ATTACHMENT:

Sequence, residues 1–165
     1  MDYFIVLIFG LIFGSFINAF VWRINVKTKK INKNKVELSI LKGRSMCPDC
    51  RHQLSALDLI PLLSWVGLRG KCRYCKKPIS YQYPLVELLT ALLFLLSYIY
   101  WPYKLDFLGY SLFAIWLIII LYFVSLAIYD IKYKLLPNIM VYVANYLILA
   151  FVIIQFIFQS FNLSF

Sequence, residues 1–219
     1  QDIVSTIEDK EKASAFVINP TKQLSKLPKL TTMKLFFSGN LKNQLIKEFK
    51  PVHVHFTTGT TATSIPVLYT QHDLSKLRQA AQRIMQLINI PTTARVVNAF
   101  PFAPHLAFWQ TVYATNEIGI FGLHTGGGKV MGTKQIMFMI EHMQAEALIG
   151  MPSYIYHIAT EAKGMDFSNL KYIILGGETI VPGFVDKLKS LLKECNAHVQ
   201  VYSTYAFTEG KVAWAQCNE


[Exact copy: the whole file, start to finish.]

Sequence, residues 1–165
     1  MDYFIVLIFG LIFGSFINAF VWRINVKTKK INKNKVELSI LKGRSMCPDC
    51  RHQLSALDLI PLLSWVGLRG KCRYCKKPIS YQYPLVELLT ALLFLLSYIY
   101  WPYKLDFLGY SLFAIWLIII LYFVSLAIYD IKYKLLPNIM VYVANYLILA
   151  FVIIQFIFQS FNLSF

Sequence, residues 1–219
     1  QDIVSTIEDK EKASAFVINP TKQLSKLPKL TTMKLFFSGN LKNQLIKEFK
    51  PVHVHFTTGT TATSIPVLYT QHDLSKLRQA AQRIMQLINI PTTARVVNAF
   101  PFAPHLAFWQ TVYATNEIGI FGLHTGGGKV MGTKQIMFMI EHMQAEALIG
   151  MPSYIYHIAT EAKGMDFSNL KYIILGGETI VPGFVDKLKS LLKECNAHVQ
   201  VYSTYAFTEG KVAWAQCNE